On the team's result he continued: "It could have been better, we took the long route and I think did more miles than any other boat in the fleet. We saw WTC Logistics come out of the mist of the morning and that spurred us on to overtake and to come in earlier."

Minghao Zhang, Visit Sanya, China Ambassador returned for this race to complete his circumnavigation after reporting on seven out of the eight legs in the last edition as an on board reporter. On arrival Ming said: "Finally, after two years, I got a chance to finish it. It's a very different feeling actually because I have finally crossed an ocean as a normal sailor, and with a new crew and skipper. They are fantastic and I have learnt a lot."

He added: "It feels great to be representing Visit Sanya. I get to speak to the crew and be part of their experience and I know they are all looking forward to visiting Sanya later in the race. I can't wait to see how Visit Sanya is going to finish. I will be supporting the team all the way."

Fourth can often be a tough place to receive but it was all smiles from Ha Long Bay, Viet Nam on arrival into the V&A Waterfront, Cape Town. The team, led in the early stages of Race 3 then opted for a more southerly route, and later used the low pressure systems to move north and get a better wind angle during the second front.

After 16 days of racing Ha Long Bay, Viet Nam had a closely fought battle with Unicef in the final stages of the Spinlock South Atlantic Showdown narrowly missing out on a podium place by one hour 36 minutes and 49 seconds.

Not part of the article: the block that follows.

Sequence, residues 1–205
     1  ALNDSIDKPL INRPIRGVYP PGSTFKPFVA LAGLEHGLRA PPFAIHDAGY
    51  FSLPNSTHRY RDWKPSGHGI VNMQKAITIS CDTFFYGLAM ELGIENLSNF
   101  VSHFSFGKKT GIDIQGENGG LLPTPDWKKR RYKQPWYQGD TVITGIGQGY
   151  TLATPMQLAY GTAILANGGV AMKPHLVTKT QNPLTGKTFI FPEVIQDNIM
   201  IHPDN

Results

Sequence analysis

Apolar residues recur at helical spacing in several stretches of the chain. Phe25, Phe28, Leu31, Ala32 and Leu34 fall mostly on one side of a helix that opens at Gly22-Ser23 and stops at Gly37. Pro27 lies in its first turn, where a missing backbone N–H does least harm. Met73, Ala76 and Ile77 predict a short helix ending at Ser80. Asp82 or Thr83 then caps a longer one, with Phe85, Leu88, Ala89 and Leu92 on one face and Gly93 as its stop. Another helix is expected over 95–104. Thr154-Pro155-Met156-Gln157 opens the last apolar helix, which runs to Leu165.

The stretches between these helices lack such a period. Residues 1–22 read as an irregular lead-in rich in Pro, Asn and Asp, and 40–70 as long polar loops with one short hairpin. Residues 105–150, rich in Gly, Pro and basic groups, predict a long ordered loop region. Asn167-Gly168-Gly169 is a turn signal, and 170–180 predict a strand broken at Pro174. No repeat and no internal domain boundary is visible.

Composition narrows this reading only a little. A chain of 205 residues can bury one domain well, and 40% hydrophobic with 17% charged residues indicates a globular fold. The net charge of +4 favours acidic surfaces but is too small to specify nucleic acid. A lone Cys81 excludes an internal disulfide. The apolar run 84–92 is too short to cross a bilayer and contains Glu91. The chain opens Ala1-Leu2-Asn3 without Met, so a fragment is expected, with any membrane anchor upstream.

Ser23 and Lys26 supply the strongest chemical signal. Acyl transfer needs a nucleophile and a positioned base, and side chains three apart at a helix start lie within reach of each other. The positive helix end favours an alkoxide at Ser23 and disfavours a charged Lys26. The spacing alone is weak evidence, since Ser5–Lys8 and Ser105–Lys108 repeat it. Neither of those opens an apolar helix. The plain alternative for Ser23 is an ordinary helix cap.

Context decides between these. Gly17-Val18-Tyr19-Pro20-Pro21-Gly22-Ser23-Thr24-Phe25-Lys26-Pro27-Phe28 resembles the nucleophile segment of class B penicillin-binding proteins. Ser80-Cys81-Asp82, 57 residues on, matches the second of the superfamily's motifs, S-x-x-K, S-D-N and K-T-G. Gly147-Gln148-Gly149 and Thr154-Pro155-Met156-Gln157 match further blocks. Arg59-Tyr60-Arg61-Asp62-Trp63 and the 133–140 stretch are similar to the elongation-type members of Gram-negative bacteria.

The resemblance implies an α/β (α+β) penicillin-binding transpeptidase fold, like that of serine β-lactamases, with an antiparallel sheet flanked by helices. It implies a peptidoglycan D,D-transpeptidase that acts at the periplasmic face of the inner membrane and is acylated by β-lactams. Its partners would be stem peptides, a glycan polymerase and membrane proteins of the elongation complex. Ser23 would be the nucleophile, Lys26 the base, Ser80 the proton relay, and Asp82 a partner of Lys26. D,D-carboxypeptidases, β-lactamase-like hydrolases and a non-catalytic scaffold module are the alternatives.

Says Josh Stickland, Skipper of Ha Long Bay, Viet Nam: "We've been through some big seas,had a couple of bumps and bruises along the way but everyone is here safely and very happy to be here.

"I think the fastest boat speed was 23.9 knots. We tried to be conservative and just wanted to get here safely. That was our game plan through the low pressure systems."

On the tough conditions that the team faced as they race across the South Atlantic, Crew member and round the worlder, John Broomfield: said "We thought the first couple of legs were challenging but that was hardcore. Massive seas, you know the stuff you see on Facebook? Well that was us! Awesome."

Mr. Pham Ngoc Thuy, Director of Quang Ninh Department of Tourism, Vietnam sent a message of support to the team on their arrival into Cape Town. "Congratulations to Ha Long Bay, Viet Nam team for your fourth position in the 3rd race. Your continuous successes have brought us lots of fun and special memories. We hope that you will win the next race and always remember that behind you there is always enthusiastic cheering from the people of Quang Ninh, Vietnam."